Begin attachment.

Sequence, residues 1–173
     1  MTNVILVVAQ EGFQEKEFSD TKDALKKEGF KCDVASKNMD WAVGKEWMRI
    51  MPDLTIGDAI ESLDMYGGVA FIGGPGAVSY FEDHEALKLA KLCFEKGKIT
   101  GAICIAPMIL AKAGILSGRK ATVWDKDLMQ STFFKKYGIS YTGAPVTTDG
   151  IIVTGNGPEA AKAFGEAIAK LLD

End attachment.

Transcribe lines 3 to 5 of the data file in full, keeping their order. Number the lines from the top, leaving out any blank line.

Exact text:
    51  MPDLTIGDAI ESLDMYGGVA FIGGPGAVSY FEDHEALKLA KLCFEKGKIT
   101  GAICIAPMIL AKAGILSGRK ATVWDKDLMQ STFFKKYGIS YTGAPVTTDG
   151  IIVTGNGPEA AKAFGEAIAK LLD